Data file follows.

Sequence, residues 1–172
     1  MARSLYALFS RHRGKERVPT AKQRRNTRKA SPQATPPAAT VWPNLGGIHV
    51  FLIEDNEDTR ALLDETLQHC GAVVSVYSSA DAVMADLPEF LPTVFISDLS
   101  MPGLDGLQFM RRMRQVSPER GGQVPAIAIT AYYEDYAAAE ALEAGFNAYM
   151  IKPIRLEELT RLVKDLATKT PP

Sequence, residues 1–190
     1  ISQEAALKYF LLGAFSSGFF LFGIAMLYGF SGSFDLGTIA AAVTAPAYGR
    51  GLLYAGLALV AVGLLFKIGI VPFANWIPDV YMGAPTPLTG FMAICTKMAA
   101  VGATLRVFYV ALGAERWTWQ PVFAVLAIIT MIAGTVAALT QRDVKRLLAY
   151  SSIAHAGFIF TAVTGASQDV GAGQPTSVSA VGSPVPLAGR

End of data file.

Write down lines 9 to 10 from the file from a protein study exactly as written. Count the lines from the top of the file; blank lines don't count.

   101  VGATLRVFYV ALGAERWTWQ PVFAVLAIIT MIAGTVAALT QRDVKRLLAY
   151  SSIAHAGFIF TAVTGASQDV GAGQPTSVSA VGSPVPLAGR